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Morning Coffee: Where you'll find the best bankers in the world. Traditional banking big-wigs invest in fintech

Heading to New York, London or somewhere else?

Which city can claim the title of the top financial centre in the world? London or New York? The City versus the City that Never Sleeps? London Wall up against Wall Street? The Union Jack or the Stars and Stripes? The Big Smoke versus the Big Apple? Etc.

For the nineteenth year running, Z/Yen Group has researched more than 100 financial centres and ranked them based on the following ‘spheres of competitiveness’ criteria: business environment, financial sector development, infrastructure, human capital and reputational and general factors.

The GFCI 19 results are in and … drumroll please … London edged out New York as the most competitive financial centre for the second year in a row by the same razor-thin margin as last year, despite Brexit anxiety.

Three Asian cities rounded out the top five: Singapore, Hong Kong and Tokyo, in that order.

While Zurich came in sixth and U.S. cities slotted in the next three spots, the report noted, “The historical dominance of the leading centres in Western Europe and North America has eroded over time.” Singapore and Shanghai are projected to increase their significance the most over the next few years.

Separately, the New York Times compiled a “Wall Street who’s who” list of fintech investors who made their names working at traditional banks:

  • Vikram Pandit, former chairman/CEO of Citigroup;
  • John Mack, former CEO of Morgan Stanley and Credit Suisse First Boston;
  • Jon Winkelried, former president of Goldman Sachs;
  • Christopher Flowers, former Goldman partner; and
  • Anshu Jain, former Deutsche Bank co-CEO.

These men have invested significant sums of money in fintech startups, many of them focused on innovating in cloud computing, mobile or data analytics. Some are on the board of one or more fintech firms and serve as consultants to entrepreneurs.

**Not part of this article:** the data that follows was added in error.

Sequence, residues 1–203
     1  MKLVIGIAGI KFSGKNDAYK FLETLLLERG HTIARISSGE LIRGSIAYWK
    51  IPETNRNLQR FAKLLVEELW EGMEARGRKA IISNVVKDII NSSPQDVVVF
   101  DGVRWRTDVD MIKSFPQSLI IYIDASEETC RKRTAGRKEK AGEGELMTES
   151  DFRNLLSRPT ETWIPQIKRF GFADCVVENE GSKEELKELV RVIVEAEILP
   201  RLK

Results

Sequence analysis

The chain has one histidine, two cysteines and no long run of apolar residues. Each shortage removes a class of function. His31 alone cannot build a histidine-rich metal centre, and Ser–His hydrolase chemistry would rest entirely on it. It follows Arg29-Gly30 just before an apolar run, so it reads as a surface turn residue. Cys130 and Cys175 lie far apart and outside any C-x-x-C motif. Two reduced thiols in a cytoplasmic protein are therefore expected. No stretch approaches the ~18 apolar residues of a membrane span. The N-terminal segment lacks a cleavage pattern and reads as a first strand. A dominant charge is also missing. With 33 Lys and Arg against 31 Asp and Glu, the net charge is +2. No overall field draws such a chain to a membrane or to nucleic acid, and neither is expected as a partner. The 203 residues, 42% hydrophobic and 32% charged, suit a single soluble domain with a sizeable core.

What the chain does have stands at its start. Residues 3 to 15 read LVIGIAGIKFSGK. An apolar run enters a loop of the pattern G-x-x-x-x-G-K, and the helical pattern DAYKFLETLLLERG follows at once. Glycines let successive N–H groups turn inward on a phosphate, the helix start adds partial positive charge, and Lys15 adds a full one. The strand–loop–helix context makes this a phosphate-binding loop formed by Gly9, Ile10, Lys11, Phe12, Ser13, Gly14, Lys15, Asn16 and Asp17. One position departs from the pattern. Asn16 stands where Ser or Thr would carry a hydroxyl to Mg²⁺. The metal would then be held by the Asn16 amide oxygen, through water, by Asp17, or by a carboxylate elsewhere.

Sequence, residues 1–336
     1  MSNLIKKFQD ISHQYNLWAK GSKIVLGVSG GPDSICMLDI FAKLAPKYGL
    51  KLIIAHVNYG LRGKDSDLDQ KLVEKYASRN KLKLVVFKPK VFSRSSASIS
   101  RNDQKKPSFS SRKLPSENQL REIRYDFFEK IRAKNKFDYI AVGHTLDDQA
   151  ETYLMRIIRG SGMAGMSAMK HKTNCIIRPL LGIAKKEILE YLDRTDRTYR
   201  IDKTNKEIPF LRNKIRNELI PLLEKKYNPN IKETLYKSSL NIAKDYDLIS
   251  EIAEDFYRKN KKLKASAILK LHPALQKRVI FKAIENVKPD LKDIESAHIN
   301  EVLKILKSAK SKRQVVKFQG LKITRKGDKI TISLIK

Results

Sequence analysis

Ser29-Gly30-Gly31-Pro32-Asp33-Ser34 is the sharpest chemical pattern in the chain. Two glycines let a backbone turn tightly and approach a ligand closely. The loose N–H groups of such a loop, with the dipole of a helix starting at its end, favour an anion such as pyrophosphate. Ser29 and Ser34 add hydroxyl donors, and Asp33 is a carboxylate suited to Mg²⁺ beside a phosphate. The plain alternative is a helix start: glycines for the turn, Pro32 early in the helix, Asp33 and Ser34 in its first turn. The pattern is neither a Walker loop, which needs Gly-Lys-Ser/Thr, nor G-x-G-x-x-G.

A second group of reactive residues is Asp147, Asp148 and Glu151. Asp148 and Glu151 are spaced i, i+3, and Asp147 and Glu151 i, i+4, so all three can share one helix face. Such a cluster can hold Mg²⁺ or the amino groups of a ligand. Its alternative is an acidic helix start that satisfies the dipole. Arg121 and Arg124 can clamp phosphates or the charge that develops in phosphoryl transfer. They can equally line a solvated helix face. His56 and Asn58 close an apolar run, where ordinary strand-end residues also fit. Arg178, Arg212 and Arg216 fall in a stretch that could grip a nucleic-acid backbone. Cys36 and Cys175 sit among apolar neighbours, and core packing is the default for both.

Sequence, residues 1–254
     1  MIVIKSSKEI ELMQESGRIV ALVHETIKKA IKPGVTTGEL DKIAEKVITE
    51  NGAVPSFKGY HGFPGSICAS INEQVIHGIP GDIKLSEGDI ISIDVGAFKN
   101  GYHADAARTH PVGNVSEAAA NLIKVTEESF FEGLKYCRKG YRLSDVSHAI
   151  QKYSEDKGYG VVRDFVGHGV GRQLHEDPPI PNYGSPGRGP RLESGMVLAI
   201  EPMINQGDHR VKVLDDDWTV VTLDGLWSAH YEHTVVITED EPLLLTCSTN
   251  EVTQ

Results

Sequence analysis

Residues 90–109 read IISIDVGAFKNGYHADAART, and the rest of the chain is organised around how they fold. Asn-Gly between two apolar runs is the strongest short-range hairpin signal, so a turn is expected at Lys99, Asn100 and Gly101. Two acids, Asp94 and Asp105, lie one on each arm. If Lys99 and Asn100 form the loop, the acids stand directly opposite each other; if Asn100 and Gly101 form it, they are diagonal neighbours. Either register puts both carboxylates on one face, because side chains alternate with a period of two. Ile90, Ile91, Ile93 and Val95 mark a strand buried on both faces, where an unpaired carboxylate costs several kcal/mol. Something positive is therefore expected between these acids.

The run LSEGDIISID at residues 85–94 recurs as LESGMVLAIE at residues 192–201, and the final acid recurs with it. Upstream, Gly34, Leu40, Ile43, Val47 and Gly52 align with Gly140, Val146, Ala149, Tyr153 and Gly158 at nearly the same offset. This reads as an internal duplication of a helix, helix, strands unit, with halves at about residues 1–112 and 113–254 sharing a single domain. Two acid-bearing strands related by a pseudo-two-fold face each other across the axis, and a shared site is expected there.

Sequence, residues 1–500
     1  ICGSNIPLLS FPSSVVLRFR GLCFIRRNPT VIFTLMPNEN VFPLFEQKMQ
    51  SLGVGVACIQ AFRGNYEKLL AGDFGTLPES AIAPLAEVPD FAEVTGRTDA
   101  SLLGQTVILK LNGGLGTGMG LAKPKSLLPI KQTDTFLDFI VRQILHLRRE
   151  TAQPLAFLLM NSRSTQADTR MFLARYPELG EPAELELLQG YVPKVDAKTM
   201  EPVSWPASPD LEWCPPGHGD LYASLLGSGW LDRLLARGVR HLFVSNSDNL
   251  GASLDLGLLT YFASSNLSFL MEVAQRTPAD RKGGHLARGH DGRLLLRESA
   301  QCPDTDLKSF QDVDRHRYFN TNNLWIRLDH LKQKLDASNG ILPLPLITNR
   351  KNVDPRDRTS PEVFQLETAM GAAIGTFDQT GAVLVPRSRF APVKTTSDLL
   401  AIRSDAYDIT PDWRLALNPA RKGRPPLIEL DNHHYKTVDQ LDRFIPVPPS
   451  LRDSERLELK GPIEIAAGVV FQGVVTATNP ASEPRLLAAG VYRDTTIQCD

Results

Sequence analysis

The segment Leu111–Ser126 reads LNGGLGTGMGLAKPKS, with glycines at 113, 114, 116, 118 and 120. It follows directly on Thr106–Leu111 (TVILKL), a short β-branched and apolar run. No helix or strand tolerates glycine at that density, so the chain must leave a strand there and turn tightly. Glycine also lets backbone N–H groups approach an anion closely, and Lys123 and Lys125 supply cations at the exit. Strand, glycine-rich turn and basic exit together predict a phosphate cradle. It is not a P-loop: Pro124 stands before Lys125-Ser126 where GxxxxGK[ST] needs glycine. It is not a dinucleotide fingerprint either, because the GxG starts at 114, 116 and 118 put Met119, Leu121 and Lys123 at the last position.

The Times also noted several significant Wall Street-to-Silicon Valley defections: Ruth Porat, former CFO of Morgan Stanley who now has the same title at Alphabet, Google’s parent company; Anthony Noto, who left Goldman Sachs to become CFO of Twitter; and Blythe Masters, former head of commodities at JPMorgan Chase who joined blockchain technology firm Digital Asset Holdings. The latter recently secured a $50m investment from Goldman and JPMorgan, among other banks.


Deutsche Bank’s revenue from asset management rose 16% to 3.3bn euros ($3.8bn) in 2015 from a year earlier, while income from its wealth management division increased 13% to 2.1bn euros ($2.4bn). (Bloomberg)

Deutsche Bank opened an innovation lab in Silicon Valley with the goal of developing new products, services and processes, and forge deeper relationships with fintech start-ups. (Forbes)

Finance is the wrong business for people committed to the idea of objective truth, because no asset is inherently worth anything, just some multiple of the income you think it will produce over time, which constantly changes. (FT)

Compliance officers at European trading and investment firms may have to cancel their summer holiday plans as the burden of detecting market abuse shifts from the sell-side to the buy-side. (Financial News)

UBS has promoted from within to fill a new role, head of fintech for Europe, the Middle East and Africa. (Reuters)

HSBC, RBS and Barclays plan to close 400-plus branches across the U.K. this year. (Reuters)

The U.S. Department of Labor’s fiduciary standard will force brokers to do what's best for clients instead of looking out for themselves, hopefully eliminating conflicts of interest and potentially saving Americans billions as they pay lower fees on their retirement investments. (Bloomberg)

The DOL made concessions to the industry by revising its fiduciary rule in response to asset managers’ and brokers’ concerns. (WSJ)

Wells Fargo and PayPal have taken a stand against North Carolina’s anti-LGBT law that “perpetuates discrimination.” (San Francisco Business Times)

Two former State Street executives within its transition management business were charged in a five-count indictment of securities fraud and wire fraud for hatching a scheme to add secret commissions to stock and bond trades. (The Trade)

Former Barclays employees are on trial for allegedly manipulating Libor. (New York Times)

Morgan Stanley is likely to make hires to bolster its “tailored lending” business as it aims to double custom loans for wealthy clients. (Reuters)

The best thing managers can do for all their employees — and especially those facing work-family conflicts — is to do the hard work of actually evaluating performance, not chair time or face time. (Harvard Business Review)

Stockbrokers, advisers, financiers, analysts, traders and market-makers on London’s junior stock exchange are having nightmares about MiFID II, which will usher in the biggest overhaul of the broker landscape in decades. (Evening Standard)

How to master the holy grail of programming and become a good coder. (Quartz)

Financial services professionals do not put in more effort when their bonus is larger. (Stumbling and Mumbling)

How long is too long for a man to go between haircuts? (New York Times)

Photo caption: PAPStock/iStock/Thinkstock

AUTHORDan Butcher US Editor

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